Reader Jake F. writes:
I live in California, in the anti-gun bastion that is the heart of Silicon Valley. My state’s Attorney General just banned new handguns from entering the state. My state Assembly and Senate are mulling over more ways to further limit my rights, and I keep hearing one specific argument over and over in regards to why our Second Amendment rights are subject to whatever whims the pols in Sacramento deem actionable . . .
It’s an argument I’ve seen employed quite often by the pro-disarmament crowd that never made any sense to me. An argument regarding rights not being absolute, and it is an argument that is not often refuted. The response is generally lackluster, pointing to Heller for support, only to have that argument dismissed by those who believe Heller was handed down by a court that is “too conservative” or some other nonsense.
Others point to counter-arguments regarding an interpretation of the Second Amendment that is not supported by society, law or jurisprudence, and is consequently weak. And sometimes the argument is simply ignored, which is especially easy to do when dealing with people one feels are misinformed or stupid. But ignoring a problem doesn’t (usually) negate its existence. I hope to change that and allow everyone who encounters this argument the ability to rationally and calmly explain to the person making such a fallacious statement that they are wrong, and why.
The argument generally goes along the lines of:
“Rights aren’t absolute! You can’t yell “fire” in a crowded theater, which is a restriction on the First Amendment! Just like the First Amendment, the Second Amendment is not absolute, which means when we ban your assault rifle that will be constitutional! Explain to me how you can’t yell “fire” in a crowded theater but you can own any gun you want!”
The retort is thus:
“Restrictions on rights relate to the way in which the rights are exercised, not the form of the exercise itself.”
To elaborate, we don’t restrict the types of speech, whether it’s spoken, written, visual, or otherwise. You aren’t allowed to yell fire in a crowded theater, nor are you allowed to send a text to all the theatergoers exclaiming that they’re about to be consumed in flame. Neither are you allowed to intercut the film with footage declaring that everyone in the theater will be killed unless they immediately evacuate in a mass panic. The act of using speech to cause panic is what is restricted, not the way in which the message is delivered.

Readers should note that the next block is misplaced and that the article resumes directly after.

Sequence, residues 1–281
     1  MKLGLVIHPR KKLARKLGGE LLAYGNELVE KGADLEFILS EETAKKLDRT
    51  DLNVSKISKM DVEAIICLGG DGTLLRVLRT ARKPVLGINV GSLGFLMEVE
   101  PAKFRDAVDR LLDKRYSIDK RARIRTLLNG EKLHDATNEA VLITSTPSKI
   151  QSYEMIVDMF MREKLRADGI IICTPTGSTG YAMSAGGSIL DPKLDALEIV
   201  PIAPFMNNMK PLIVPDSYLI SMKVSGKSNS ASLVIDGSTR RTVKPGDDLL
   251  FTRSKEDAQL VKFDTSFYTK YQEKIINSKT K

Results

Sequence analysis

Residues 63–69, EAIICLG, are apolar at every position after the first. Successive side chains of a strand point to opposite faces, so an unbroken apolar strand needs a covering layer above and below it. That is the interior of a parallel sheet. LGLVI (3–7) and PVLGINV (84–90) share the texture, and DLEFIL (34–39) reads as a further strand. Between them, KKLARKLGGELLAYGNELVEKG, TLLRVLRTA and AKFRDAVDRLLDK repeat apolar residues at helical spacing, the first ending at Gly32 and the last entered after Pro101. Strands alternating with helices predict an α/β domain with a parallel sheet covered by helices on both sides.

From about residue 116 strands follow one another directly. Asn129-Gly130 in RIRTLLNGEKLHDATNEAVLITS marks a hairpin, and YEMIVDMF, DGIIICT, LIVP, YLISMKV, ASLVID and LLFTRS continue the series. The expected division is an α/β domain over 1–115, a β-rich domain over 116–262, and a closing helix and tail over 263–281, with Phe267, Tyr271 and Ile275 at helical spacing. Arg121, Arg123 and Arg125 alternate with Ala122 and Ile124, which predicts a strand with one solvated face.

Similarly, we do not restrict the types of speech when it comes to forms of political speech, be it rhetoric delivered to a crowded amphitheater, flyers dropped in a mailbox, telephone calls, commercials, etc. The act itself is protected and we acknowledge that if the act is legal and just, then it doesn’t matter in what way the act is undertaken. Speech is protected in all of its forms, so long as the expression itself is legal.
Subsequently, access to all of the various forms of expression is not restricted by the government. However there are natural factors that come into play when determining what types of speech you may use at a given moment. A hoarse throat can restrict you from giving a speech, an unpaid phone bill can prevent you from calling somebody, or perhaps one doesn’t know how to read or write.
These restrictions are natural or incidental, but they are not undertaken by force of law. The government does not have its hand in how you may exercise your right to free expression, and the limits on that right are overcome through personal effort and ability, or other incidental or societal factors unrelated to the law. Restrictions on the types of arms in our possession must be looked at in the same light.
What does it matter if I protect myself with a shotgun, a handgun, or an AR-15? What does it matter if I merely own them, as is my right? Why does the tool I use to protect myself matter? If nobody else comes to harm but my aggressor, what does it matter? If the principle of self defense is a right, why would one arbitrarily restrict the tools I may use to exercise that right? Furthermore, why should the government determine, by force of law, in what manner I may exercise my natural right to self-defense?
To argue that we are allowed to restrict a right based not on the way it is exercised but rather on the tools with which we exercise it allows arbitrary restrictions on our fundamental principles. It leads to violations of our civil rights, be they warrantless interception of emails or phone calls, undue scrutiny on political dissent, or bans on the tools of our personal defense. To restrict not what we do but rather how we do it, even where no other laws are broken, is detrimental to the fundamental values of our society.